‘Blacklist: The Hollywood Red Scare’: An engrossing museum treatment of cultural repression
What do the FBI critics have to say about these films?

LOS ANGELES — The Hollywood Red Scare, lasting from 1947 to about 1960, was not the first in the United States. The first goes back to the Chicago Haymarket Affair of 1886 in the midst of a mass movement calling for the eight-hour day. Anarchists were hanged for that. A generation later, the government targeted the revolutionary syndicalist union, the Industrial Workers of the World (IWW or “Wobblies”), as well as the radical Socialists led by Eugene V. Debs, erasing their free speech rights and putting integrated labor and immigrant communities under sanction. Once again, after the Russian Revolution, capitalist politicians, fearing that American Communists might instigate a movement to overthrow the government, resorted to mass deportations. The anti-radicalism, racism, and nativism of those eras find their echoes today in the anti-woke MAGA hysteria that extends far beyond the persona of our immediate past president.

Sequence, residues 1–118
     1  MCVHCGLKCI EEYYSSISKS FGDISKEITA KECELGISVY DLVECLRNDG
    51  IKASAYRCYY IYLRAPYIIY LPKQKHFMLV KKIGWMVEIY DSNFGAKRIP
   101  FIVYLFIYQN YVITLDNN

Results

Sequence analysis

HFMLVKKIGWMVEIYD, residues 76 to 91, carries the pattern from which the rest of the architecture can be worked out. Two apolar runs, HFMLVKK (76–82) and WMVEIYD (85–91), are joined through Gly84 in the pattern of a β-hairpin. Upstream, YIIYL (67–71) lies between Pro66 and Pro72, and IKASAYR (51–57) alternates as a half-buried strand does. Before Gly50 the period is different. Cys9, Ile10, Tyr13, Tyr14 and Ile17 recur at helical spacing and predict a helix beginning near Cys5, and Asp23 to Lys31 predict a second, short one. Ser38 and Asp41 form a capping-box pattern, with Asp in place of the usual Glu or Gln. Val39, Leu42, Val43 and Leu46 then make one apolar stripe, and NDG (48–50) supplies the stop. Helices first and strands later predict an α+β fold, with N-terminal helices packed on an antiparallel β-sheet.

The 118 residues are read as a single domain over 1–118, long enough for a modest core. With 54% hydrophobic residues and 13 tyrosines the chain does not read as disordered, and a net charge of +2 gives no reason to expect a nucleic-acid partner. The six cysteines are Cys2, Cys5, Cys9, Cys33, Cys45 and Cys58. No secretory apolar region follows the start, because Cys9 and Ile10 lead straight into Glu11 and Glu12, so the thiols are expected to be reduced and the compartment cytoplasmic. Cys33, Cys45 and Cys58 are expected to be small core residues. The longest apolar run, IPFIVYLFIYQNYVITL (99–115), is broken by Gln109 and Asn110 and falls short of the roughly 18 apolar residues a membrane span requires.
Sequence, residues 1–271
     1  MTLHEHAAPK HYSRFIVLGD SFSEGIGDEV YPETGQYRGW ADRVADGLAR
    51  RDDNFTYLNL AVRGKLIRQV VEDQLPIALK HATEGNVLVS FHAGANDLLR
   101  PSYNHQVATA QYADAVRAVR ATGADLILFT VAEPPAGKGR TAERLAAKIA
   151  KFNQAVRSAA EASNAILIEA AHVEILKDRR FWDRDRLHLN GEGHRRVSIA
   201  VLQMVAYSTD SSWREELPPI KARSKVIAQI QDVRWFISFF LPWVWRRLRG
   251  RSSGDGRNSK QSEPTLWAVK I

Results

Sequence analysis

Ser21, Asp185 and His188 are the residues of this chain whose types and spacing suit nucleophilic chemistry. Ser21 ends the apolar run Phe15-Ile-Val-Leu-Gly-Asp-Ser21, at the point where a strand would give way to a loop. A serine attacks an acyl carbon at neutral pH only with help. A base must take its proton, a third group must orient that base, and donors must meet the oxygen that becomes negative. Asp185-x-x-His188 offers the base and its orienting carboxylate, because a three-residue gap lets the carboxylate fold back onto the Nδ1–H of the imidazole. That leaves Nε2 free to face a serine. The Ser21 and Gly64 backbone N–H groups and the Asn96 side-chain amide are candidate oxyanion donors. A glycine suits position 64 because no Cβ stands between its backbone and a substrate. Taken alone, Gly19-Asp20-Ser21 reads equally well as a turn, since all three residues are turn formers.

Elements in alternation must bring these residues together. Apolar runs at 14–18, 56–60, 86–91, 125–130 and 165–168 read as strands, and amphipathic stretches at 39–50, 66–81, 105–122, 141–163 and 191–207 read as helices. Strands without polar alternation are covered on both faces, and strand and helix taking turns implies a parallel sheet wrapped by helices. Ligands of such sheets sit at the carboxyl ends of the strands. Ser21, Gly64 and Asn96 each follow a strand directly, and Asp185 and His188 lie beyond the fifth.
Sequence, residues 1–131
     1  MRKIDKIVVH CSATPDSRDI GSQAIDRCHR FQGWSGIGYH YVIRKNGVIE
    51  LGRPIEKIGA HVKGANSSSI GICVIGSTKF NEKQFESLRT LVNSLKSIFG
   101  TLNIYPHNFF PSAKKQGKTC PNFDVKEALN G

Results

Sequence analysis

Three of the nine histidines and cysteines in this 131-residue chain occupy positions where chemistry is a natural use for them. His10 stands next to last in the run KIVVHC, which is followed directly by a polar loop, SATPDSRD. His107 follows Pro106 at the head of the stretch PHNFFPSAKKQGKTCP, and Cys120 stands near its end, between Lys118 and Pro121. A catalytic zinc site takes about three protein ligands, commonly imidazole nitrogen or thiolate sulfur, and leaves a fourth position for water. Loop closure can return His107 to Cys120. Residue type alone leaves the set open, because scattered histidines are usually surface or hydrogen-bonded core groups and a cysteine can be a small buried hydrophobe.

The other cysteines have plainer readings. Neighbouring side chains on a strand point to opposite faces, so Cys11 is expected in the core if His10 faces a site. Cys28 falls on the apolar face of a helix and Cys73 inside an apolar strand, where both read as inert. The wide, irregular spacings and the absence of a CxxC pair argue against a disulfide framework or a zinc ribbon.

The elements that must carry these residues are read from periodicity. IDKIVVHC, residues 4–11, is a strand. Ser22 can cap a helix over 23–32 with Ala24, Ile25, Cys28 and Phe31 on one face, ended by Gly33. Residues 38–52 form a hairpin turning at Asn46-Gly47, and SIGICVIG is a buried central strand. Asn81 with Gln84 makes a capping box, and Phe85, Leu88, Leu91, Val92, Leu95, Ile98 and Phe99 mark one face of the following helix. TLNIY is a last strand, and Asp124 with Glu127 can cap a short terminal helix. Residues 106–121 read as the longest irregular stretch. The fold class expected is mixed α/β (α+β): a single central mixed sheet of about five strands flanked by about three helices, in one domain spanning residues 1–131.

In an authoritative, comprehensive exhibition currently on view at the Skirball Cultural Center, visitors can explore the history and impact of the Hollywood Red Scare and its contemporary implications. What the red scare of the Forties has in common with its predecessors is the abandonment of civil liberties, First Amendment protections for speech, association and assembly, in the rush for exemplary “patriotic” punishment, intimidation, and imprisonment.

The show was created by and is on loan from the Jewish Museum Milwaukee, but augmented by images and artifacts specifically relating to Los Angeles.